"Under the UCL, any person or entity that has engaged, is engaging or threatens to engage `in unfair competition may be enjoined in any court of competent jurisdiction.' [Citations.] `Unfair competition' includes `any unlawful, unfair or fraudulent business act or practice and unfair, deceptive, untrue or misleading advertising.'" (Jenkins v. JPMorgan Chase Bank, N.A. (2013) 216 Cal.App.4th 497, 520, overruled on other grounds as stated in Yvanova v. New Century Mortgage Corp. (2016) 62 Cal.4th 919, 939, fn. 13.) However, private standing to bring a UCL action is restricted to "a person who has suffered injury in fact and has lost money or property as a result of the unfair competition." (Bus. & Prof. Code, § 17204, italics added.) The loss of a home to foreclosure is sufficient economic injury to qualify under Business and Professions Code section 17204. (Majd v. Bank of America (2015) 243 Cal.App.4th 1293, 1304.)
Here, Ferguson did not plead the loss of his home. The economic injury that Ferguson argues he suffered was the payment of full or reduced installments on his loan from the Bank. However, he does not explain how the payment of an existing obligation, his mortgage, constitutes an economic injury. For this reason, we conclude that Ferguson does not have standing to bring an action under the UCL.
6. Fraud and Negligent Misrepresentation
Ferguson argues in his opening brief that the Bank fraudulently and negligently misrepresented "how the HAMP process worked." He was "told he qualified for HAMP, was put in a three month trial period, and was never given his permanent loan modification." However, the second amended complaint alleges generally only that the Bank made a promise to Ferguson to modify his loan, which the Bank never intended to perform.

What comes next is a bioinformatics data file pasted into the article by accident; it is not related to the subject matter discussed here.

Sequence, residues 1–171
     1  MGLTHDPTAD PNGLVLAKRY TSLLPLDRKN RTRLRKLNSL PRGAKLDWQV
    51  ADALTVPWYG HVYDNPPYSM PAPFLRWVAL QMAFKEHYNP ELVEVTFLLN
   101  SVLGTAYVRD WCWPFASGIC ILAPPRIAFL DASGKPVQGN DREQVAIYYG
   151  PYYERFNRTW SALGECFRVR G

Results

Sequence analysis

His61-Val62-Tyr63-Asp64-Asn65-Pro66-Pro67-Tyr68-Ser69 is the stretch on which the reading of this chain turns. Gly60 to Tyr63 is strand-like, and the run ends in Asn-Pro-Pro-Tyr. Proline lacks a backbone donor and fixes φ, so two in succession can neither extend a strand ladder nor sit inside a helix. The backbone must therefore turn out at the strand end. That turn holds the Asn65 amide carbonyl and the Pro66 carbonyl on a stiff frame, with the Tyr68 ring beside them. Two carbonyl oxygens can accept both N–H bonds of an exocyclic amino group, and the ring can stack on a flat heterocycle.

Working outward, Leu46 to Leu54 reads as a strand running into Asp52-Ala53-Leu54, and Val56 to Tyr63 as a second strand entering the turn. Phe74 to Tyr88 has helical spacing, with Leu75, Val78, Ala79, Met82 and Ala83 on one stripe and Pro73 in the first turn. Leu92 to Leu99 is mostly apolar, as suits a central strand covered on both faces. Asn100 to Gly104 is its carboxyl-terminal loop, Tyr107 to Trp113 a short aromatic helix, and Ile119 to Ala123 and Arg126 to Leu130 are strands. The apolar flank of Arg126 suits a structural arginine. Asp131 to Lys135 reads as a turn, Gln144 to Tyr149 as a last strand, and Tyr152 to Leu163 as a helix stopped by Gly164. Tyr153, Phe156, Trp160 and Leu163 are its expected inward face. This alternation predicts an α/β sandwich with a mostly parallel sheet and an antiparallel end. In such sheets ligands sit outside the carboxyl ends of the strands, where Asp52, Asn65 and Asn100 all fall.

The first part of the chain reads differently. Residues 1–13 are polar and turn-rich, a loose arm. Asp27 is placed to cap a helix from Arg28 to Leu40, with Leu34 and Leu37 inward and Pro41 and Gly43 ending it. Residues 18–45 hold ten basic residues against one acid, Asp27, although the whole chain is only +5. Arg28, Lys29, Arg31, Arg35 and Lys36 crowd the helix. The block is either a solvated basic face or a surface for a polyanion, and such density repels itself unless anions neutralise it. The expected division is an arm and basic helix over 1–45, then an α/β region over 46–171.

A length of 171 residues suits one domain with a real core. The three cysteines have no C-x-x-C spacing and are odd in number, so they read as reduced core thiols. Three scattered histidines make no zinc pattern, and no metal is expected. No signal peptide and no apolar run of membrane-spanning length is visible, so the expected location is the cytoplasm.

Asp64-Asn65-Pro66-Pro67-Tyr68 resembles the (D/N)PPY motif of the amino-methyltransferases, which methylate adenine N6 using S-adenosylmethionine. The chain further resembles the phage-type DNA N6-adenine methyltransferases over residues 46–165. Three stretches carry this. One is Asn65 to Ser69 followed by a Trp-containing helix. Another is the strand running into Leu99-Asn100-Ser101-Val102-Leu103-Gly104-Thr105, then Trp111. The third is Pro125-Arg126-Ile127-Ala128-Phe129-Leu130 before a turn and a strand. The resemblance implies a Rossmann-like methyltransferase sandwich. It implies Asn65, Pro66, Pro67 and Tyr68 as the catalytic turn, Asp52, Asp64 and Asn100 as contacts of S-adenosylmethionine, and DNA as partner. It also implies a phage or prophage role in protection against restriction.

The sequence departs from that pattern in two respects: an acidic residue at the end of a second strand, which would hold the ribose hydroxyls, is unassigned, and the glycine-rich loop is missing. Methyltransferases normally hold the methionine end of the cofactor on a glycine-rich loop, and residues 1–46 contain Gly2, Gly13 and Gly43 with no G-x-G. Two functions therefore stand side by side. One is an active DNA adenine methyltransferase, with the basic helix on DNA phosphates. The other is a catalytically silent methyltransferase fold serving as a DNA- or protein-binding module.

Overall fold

"Negligent misrepresentation is a form of deceit, the elements of which consist of (1) a misrepresentation of a past or existing material fact, (2) without reasonable grounds for believing it to be true, (3) with intent to induce another's reliance on the fact misrepresented, (4) ignorance of the truth and justifiable reliance thereon by the party to whom the misrepresentation was directed, and (5) damages. [Citation.]" (Fox v. Pollack (1986) 181 Cal.App.3d 954, 962.) Fraudulent misrepresentation requires knowledge of the falsity. (Cansino v. Bank of America (2014) 224 Cal.App.4th 1462, 1469.) The Bank succinctly sets forth the additional requirement, fatal to Ferguson's complaint, that each element in these two causes of action must be pled with particularity, requiring facts to be pled that show "`"`how, when, where, to whom, and by what means'"'" the intentional or negligent representations were made. (Small v. Fritz Companies, Inc. (2003) 30 Cal.4th 167, 184, citing Lazar v. Superior Ct. (1996) 12 Cal.4th 631, 645.)
Here, the complaint alleges specifically that the Bank misrepresented to Ferguson that he did not qualify for HAMP, and that after numerous delays the Bank sent him a loan modification application, which the Bank ultimately denied. The complaint does not allege specifically that the Bank promised a loan modification, as by specifying who made the promise, when they made it, and what exactly they said that constituted a promise. Ferguson fails to state a cause of action for fraud and negligent misrepresentation.
The judgment of dismissal is affirmed.
Respondent shall recover its costs on appeal.